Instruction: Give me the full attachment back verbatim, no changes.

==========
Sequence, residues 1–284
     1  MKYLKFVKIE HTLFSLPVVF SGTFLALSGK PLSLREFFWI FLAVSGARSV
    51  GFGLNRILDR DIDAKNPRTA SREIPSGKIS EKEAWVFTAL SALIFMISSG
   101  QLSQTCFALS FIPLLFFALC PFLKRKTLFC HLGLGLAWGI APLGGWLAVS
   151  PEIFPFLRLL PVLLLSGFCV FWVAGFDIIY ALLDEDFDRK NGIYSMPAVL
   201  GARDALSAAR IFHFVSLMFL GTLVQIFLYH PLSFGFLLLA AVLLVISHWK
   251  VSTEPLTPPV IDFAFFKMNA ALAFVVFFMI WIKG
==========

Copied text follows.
Sequence, residues 1–284
     1  MKYLKFVKIE HTLFSLPVVF SGTFLALSGK PLSLREFFWI FLAVSGARSV
    51  GFGLNRILDR DIDAKNPRTA SREIPSGKIS EKEAWVFTAL SALIFMISSG
   101  QLSQTCFALS FIPLLFFALC PFLKRKTLFC HLGLGLAWGI APLGGWLAVS
   151  PEIFPFLRLL PVLLLSGFCV FWVAGFDIIY ALLDEDFDRK NGIYSMPAVL
   201  GARDALSAAR IFHFVSLMFL GTLVQIFLYH PLSFGFLLLA AVLLVISHWK
   251  VSTEPLTPPV IDFAFFKMNA ALAFVVFFMI WIKG